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Dr ZHOU Jianping

84th Congregation (2017)

Dr ZHOU Jianping
Doctor of Science


Asparas soar through the heavens in the ancient murals of Dunhuang.  Legend tells of Chang'e and her flight to the moon.  China's space dream has spanned thousands of years.  Recently, with Shenzhou and Tiangong, it has finally come true.

Flying through space and visiting the moon has always been a collective dream for the Chinese.  It has been expressed again and again in mythology, literature, and the arts, as generation after generation has stared up into the starry sky and longed to go there.  One such dreamer was Zhou Jianping, born in 1957 in Changsha, Hunan, who has turned out to be a key player in propelling the country to fulfil a dream that has spanned thousands of years.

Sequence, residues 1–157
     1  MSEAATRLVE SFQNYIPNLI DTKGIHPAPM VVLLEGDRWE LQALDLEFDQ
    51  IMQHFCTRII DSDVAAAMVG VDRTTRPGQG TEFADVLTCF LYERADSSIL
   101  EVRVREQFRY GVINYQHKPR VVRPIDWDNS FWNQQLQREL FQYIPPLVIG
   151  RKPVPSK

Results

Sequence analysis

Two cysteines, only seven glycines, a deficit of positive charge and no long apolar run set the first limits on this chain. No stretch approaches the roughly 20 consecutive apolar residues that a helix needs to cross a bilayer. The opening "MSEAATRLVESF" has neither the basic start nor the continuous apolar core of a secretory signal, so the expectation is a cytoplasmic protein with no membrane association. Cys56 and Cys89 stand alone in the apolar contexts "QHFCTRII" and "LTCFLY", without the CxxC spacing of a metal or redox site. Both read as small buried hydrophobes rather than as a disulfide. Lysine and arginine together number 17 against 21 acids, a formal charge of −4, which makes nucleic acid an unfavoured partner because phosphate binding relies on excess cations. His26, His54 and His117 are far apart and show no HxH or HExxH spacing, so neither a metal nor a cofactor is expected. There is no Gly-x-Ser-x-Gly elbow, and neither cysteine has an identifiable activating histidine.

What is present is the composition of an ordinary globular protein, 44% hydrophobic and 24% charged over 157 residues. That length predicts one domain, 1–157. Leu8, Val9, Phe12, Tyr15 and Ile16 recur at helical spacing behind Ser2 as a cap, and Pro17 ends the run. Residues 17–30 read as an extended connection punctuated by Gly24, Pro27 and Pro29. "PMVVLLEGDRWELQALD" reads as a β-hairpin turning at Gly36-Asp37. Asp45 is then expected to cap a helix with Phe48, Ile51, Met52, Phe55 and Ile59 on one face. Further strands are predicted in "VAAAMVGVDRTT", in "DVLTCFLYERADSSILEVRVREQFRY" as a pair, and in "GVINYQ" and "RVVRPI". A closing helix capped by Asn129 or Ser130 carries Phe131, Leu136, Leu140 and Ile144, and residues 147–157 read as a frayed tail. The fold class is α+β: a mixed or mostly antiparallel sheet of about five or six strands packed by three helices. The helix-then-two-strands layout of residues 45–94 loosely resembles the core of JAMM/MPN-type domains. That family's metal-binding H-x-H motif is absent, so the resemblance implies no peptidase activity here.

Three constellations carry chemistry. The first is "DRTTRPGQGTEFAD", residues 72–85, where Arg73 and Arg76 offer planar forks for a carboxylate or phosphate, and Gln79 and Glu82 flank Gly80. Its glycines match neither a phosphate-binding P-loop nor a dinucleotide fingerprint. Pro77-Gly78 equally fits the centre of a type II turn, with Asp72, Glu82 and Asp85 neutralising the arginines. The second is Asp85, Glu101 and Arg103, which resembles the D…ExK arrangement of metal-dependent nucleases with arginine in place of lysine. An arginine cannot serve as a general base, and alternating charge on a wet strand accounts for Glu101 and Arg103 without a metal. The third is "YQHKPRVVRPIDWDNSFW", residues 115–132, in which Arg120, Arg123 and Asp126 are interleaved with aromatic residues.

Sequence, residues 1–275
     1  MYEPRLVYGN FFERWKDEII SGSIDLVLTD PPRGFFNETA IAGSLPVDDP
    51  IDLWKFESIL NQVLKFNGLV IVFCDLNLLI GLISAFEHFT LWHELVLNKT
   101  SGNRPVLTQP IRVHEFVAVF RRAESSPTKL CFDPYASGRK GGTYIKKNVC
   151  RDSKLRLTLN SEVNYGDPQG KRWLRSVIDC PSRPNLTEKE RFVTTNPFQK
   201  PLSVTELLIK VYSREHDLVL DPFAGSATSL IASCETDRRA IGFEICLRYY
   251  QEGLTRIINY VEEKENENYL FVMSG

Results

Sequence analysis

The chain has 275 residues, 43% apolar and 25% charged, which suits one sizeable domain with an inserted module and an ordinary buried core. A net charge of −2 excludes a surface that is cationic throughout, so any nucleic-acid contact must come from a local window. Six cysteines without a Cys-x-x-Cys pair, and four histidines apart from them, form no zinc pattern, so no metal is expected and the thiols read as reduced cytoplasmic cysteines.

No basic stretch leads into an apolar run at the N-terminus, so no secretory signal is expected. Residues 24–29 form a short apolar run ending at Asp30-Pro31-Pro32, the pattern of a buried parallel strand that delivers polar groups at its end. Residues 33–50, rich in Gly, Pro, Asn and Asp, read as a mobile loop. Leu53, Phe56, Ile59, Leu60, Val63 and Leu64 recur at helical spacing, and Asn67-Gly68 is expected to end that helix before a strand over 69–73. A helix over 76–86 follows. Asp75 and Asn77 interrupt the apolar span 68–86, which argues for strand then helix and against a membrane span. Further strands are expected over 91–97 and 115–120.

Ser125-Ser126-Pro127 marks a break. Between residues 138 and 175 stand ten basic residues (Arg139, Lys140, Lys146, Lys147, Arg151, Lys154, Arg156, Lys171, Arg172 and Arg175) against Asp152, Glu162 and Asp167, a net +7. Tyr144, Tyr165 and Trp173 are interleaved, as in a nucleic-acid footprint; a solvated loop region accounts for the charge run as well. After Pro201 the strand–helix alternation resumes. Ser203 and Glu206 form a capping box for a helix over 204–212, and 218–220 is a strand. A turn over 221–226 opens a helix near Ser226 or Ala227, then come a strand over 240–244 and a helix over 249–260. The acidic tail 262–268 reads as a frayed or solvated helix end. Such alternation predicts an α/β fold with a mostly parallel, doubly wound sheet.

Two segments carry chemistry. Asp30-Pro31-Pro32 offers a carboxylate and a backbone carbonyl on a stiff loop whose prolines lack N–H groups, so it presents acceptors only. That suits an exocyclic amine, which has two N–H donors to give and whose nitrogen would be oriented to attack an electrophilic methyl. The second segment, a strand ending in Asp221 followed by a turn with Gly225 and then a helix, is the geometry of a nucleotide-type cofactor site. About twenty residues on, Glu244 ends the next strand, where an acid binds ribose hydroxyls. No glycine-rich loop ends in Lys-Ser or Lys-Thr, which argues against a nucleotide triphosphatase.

Dr Zhou Jianping is an outstanding scientist of contemporary China, specialising in spacecraft design as well as theoretical and applied solid mechanics.  He is a part-time professor and tutor of doctoral students at the National University of Defense Technology (NUDT) and Beihang University and an honorary member of the National Committee of the China Association for Science and Technology.  Since 1999, Dr Zhou has devoted himself to the general design and technical management of China's manned space engineering programme.  He was one of the key designers of and contributors to China's unmanned spacecraft Shenzhou-1 and its manned missions.

Shortly after Dr Zhou was born, in 1957, the Soviet Union stunned the world by blasting off the world's first artificial satellite, sparking a space race between the US and the Soviet Union.  As a teenager in 1970, Dr Zhou witnessed China's successful launch of its first space satellite, Dongfanghong-1, which raised the curtain for China's own space programme and fuelled his passion and ambitions to participate in the cause.